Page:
IMHO there is a lack of pump-out facilities in the Keys. Many of the public marinas below Miami do not have pump-out. Sailboats with limited holding tanks have a problem if anchoring for any period of time. You must get to Marathon or Key West where there are pump-out boats, but now you won’t be able to anchor. Both locations were full-up last year and probably will be this year.
    Has Royer

    In your comments you state law enforcement officials will be able to board vessels to insure overboard discharge valves are “padlocked shut”. I am not aware of a change in the Florida MSD regs that require “padlocking” as the only means of securing the valve. At last reading my impression is that the valve must be “secured”. I spoke to Lt. Dave Dupree (FWC Monroe County) a few years ago and he advised locking, wire ties, removal of the handle or similar solutions to prevent accidental discharge. Has there been a regulation change I am unaware of or is there one in the actual new proposed regulations?
    John N. Cover,
    s/v Shadow,
    Hudson, Florida

    Claiborne replies
    Captain John:
    No, as far as I know there has not been a change in the “secured” requirements of overboard discharge valves. I used the term “padlocking” because my research has consistently shown that just chaining the overboard valves is NOT sufficient, and can result in ticketing. I suspect your research is also correct, in that wire ties and removal of the handle would also be considered “secured.” However, with that being said, what we have always done while cruising in the keys is chain and padlock our overboard discharge valves. This plan has passed multiple inspections over the years.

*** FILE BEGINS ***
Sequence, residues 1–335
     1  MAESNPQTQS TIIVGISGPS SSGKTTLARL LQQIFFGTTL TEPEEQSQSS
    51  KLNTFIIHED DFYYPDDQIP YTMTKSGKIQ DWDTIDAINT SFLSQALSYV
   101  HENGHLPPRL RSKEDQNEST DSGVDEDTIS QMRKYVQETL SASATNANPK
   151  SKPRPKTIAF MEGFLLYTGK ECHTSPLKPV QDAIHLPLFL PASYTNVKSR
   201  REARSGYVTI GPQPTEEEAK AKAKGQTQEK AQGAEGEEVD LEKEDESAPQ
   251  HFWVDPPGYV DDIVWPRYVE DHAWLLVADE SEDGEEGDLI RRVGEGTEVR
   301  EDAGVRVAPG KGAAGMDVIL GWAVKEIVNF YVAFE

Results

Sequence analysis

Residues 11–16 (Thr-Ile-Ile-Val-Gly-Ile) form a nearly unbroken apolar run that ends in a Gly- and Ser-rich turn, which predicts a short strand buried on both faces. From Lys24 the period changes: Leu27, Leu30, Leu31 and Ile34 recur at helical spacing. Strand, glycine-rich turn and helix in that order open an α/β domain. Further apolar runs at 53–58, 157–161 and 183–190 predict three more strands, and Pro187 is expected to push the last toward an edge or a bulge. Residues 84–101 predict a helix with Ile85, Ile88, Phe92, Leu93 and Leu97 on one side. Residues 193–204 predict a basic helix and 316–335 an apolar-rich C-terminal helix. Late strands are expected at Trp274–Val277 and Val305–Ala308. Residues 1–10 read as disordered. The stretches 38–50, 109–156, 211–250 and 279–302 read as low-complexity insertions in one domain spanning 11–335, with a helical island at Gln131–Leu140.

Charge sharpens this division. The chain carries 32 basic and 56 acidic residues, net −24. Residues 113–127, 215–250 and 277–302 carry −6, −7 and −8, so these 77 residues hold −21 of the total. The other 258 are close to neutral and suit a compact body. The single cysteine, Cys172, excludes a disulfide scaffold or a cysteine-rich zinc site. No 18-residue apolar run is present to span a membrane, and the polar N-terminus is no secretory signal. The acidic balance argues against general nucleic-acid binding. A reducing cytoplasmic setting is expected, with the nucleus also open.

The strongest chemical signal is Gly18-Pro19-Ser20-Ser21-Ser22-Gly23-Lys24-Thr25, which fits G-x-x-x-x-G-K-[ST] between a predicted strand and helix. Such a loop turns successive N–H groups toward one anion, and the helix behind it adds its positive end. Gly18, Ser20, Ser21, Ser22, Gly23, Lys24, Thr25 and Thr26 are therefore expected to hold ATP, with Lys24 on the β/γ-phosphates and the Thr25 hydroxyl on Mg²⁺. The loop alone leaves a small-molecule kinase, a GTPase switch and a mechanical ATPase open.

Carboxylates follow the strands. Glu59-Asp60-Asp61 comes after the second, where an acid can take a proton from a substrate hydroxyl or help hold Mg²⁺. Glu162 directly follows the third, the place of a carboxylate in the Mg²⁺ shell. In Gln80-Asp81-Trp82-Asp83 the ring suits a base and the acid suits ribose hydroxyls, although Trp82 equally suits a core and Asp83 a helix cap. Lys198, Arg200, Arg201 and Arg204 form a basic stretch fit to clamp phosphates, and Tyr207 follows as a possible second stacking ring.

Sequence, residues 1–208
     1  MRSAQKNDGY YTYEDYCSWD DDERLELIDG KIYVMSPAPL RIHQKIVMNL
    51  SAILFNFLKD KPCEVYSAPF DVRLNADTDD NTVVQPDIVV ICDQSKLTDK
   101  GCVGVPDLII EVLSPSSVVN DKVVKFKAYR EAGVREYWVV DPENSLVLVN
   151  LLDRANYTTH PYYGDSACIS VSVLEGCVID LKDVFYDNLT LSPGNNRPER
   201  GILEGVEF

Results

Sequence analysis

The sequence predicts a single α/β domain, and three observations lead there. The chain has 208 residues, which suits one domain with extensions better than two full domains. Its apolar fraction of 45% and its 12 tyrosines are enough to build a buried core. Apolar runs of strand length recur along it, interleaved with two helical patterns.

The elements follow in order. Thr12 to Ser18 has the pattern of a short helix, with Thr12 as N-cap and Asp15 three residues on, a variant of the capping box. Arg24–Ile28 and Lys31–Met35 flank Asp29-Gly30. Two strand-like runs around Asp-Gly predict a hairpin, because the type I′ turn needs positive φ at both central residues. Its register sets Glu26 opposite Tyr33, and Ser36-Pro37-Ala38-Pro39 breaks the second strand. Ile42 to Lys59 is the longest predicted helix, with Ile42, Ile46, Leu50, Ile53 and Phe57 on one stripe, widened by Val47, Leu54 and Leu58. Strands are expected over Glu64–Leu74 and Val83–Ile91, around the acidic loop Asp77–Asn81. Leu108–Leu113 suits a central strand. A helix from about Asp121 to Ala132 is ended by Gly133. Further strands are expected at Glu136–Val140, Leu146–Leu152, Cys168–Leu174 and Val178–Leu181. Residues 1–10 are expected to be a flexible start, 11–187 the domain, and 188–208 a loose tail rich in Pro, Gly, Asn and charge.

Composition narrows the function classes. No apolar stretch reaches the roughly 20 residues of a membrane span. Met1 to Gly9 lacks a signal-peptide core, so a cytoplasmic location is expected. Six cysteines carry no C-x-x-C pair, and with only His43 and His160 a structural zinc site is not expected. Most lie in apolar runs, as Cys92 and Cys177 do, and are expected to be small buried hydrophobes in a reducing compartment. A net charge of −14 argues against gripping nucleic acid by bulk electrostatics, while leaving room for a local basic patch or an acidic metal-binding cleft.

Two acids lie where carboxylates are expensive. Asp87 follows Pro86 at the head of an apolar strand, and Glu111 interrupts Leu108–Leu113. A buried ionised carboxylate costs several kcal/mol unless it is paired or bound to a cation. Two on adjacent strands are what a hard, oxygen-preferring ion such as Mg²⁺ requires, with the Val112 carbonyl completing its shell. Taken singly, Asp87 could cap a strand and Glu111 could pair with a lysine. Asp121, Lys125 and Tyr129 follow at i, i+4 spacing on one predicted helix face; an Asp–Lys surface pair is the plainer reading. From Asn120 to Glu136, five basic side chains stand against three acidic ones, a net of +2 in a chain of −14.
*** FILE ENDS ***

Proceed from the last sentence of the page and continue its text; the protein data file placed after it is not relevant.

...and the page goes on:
• A Distrubing Message about Anchoring in St. Petersburg, Florida (Tampa)

    Captain Burnham’s message below is somewhat cryptic, but if I read it rightly, the city of St. Petersburg, Florida is attempting to limit anchorage in their corporate waters to 3-days in a particular spot, and 9 days total, within any 30 day period. As such, these are possibly the most Draconian proposals put forward by any of the five municipalities/counties which are part of the Florida Pilot Mooring Field Program. Fortunately, there is still a LOT of public comment to be registered, and the FWC (Florida Fish and Wildlife Commission) must agree to all restrictions before they can be passed and enforced. As St. Augustine learned last fall, the FWC is very reluctant to approve such short term anchorage limits.